Excessive modification (in particular, excessive use of very and almost any use of totally)

Inexperienced writers undervalue adjectives such as beautiful, interesting, dull, sharp, confused, etc. or adverbs such as quickly, slowly, gracefully, clumsily, etc. These writers attempt to intensify the description by adding very or totally (totally momentarily substitutes for very, at least in some suburbs of California): a paper is not interesting but very interesting. Although very is a legitimate adverb (and sometimes an adjective), use it sparingly or the critical reader will conclude that you are overstating the condition. In several cases, very should never be used. Thus, the adjectives unique, rare, awful, bogus, etc. imply an exceptional condition, and addition of very is redundant and weakens the original adjective.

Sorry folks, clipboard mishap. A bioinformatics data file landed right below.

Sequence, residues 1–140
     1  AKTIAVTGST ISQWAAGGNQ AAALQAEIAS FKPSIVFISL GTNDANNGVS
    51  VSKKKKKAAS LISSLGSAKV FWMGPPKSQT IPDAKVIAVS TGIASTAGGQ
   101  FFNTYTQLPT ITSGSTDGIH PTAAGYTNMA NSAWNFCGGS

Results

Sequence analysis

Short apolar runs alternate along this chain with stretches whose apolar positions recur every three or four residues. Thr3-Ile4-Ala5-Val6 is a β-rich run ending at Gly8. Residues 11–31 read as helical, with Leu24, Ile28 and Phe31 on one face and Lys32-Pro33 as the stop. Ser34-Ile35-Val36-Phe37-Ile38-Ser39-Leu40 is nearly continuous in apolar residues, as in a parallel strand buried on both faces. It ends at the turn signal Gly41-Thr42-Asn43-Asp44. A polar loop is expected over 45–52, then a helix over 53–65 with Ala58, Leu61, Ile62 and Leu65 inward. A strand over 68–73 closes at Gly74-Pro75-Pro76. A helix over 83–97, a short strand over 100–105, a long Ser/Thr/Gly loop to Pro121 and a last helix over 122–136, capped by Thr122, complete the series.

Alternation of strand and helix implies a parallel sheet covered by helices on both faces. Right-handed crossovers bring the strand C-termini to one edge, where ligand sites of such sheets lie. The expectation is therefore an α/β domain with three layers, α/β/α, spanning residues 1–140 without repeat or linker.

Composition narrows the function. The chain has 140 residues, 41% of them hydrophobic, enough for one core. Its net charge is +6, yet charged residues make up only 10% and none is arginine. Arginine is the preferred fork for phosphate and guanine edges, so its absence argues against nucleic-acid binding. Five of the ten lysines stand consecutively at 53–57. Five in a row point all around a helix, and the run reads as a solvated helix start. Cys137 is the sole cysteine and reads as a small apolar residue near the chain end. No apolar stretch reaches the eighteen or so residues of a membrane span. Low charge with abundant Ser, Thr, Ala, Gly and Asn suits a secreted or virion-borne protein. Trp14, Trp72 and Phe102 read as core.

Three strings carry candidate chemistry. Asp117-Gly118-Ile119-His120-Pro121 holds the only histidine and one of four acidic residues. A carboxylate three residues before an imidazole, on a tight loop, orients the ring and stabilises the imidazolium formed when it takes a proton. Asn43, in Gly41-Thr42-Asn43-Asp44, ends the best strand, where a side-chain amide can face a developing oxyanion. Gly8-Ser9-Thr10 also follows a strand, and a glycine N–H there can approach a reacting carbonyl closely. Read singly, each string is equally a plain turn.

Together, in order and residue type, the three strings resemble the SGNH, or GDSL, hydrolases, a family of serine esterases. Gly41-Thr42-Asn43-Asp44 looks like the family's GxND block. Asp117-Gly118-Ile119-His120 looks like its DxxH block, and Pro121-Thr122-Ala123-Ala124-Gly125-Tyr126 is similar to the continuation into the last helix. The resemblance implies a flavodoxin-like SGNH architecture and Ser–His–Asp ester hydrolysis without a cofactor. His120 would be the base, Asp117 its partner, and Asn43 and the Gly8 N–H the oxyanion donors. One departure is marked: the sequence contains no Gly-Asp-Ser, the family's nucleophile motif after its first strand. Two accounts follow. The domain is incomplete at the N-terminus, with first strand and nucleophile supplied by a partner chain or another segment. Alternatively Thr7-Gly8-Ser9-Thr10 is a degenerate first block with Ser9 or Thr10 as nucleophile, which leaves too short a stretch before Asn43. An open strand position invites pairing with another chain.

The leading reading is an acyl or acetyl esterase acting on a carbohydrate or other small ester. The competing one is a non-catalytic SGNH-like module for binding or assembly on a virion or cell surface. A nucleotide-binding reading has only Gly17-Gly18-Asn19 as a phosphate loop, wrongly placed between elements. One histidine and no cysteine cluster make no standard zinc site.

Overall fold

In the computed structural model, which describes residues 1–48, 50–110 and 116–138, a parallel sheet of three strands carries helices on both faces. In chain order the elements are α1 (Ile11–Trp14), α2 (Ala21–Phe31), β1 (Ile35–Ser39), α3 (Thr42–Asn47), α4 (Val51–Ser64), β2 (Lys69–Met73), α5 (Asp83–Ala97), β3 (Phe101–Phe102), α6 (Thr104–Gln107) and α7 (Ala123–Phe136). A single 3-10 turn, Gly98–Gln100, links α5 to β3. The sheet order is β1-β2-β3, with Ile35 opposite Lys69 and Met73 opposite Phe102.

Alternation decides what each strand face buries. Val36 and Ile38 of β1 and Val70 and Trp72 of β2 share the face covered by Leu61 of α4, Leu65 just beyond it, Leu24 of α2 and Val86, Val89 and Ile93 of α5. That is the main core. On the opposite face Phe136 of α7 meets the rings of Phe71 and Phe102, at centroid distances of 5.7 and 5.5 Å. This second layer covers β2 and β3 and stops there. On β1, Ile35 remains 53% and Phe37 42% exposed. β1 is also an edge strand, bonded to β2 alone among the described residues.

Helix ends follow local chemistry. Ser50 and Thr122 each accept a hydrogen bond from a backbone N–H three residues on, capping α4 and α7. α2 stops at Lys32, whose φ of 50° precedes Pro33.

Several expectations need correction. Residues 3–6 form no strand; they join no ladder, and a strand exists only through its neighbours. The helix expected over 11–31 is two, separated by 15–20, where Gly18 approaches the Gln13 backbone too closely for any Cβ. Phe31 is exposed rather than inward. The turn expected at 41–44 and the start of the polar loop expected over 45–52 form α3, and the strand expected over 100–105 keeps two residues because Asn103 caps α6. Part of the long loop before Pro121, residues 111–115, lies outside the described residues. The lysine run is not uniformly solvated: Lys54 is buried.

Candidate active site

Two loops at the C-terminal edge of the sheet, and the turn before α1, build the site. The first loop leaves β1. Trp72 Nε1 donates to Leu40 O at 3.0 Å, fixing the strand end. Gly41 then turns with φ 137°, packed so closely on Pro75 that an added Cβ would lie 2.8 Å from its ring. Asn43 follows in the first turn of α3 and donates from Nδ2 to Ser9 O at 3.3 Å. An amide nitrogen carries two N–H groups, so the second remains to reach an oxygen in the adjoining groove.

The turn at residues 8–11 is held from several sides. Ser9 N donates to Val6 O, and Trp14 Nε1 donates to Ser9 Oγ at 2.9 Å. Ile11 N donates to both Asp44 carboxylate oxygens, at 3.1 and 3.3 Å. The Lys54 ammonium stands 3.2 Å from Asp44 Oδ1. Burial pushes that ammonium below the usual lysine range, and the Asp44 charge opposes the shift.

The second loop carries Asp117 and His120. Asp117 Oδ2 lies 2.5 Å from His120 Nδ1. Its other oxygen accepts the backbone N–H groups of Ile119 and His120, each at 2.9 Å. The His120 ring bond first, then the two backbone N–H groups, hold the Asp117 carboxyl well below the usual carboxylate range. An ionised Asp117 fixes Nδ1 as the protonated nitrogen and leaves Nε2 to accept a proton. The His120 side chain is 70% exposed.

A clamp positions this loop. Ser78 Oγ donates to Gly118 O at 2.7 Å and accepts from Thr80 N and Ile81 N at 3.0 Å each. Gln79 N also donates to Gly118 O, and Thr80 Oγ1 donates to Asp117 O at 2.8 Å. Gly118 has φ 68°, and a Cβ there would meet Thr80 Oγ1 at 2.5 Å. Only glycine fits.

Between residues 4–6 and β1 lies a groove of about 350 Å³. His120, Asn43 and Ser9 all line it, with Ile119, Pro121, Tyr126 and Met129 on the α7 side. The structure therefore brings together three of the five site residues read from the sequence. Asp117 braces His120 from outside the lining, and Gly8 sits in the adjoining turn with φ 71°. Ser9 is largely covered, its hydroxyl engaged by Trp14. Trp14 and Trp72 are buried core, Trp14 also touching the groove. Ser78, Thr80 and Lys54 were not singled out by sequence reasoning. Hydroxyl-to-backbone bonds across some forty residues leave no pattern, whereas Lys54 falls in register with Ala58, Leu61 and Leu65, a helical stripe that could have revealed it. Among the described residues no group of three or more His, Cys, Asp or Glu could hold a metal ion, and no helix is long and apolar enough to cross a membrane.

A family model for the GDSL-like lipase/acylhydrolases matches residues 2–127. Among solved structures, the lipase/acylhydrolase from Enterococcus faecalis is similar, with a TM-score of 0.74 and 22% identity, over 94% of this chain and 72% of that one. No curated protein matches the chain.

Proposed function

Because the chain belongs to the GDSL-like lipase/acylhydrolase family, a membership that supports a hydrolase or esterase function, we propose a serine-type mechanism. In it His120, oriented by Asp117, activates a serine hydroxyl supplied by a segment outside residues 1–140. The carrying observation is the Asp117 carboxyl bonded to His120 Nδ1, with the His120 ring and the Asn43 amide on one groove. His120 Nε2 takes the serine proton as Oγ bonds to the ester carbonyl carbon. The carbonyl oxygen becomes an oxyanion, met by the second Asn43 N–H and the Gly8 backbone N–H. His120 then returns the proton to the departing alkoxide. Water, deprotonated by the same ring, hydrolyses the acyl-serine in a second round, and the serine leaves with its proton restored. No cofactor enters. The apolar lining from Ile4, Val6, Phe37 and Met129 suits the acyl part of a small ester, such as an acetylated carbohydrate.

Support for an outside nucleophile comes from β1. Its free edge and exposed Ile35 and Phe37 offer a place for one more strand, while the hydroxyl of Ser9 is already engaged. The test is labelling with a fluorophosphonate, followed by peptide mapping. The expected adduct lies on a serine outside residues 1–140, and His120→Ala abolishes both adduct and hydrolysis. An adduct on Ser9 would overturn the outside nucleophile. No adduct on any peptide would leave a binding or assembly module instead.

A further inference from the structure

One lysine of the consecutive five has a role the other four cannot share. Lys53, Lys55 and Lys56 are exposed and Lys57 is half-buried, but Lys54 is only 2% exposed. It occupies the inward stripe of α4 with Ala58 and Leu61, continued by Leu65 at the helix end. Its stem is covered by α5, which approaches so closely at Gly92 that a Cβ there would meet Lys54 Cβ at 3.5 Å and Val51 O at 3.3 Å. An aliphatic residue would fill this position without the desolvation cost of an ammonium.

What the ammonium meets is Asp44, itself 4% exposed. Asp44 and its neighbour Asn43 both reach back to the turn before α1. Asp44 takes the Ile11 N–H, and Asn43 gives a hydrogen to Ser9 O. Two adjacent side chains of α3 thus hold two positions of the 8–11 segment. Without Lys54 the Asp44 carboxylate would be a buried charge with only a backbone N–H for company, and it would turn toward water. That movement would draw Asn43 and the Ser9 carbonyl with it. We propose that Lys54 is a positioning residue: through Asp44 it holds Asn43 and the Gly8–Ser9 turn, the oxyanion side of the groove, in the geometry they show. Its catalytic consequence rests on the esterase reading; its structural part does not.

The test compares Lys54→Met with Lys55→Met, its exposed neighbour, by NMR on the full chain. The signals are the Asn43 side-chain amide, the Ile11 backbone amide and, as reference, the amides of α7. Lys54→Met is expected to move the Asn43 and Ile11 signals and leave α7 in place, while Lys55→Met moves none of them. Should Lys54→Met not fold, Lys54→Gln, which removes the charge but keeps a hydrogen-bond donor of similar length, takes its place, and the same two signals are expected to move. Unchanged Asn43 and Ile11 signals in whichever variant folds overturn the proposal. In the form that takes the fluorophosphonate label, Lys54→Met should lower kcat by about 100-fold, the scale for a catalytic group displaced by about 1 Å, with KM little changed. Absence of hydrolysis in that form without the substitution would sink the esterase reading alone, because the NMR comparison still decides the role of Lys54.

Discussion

example: That chicken is very dead. Unless we are considering vampire chickens, chickens are either dead or not.

example: That professor is totally bogus. Bogus describes an extreme condition, making degrees of bogosity inappropriate.